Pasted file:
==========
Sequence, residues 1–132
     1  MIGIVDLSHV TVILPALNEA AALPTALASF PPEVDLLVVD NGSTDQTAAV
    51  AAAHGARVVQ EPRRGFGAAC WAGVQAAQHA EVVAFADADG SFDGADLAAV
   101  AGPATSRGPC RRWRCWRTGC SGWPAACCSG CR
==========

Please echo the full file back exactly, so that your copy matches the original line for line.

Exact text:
Sequence, residues 1–132
     1  MIGIVDLSHV TVILPALNEA AALPTALASF PPEVDLLVVD NGSTDQTAAV
    51  AAAHGARVVQ EPRRGFGAAC WAGVQAAQHA EVVAFADADG SFDGADLAAV
   101  AGPATSRGPC RRWRCWRTGC SGWPAACCSG CR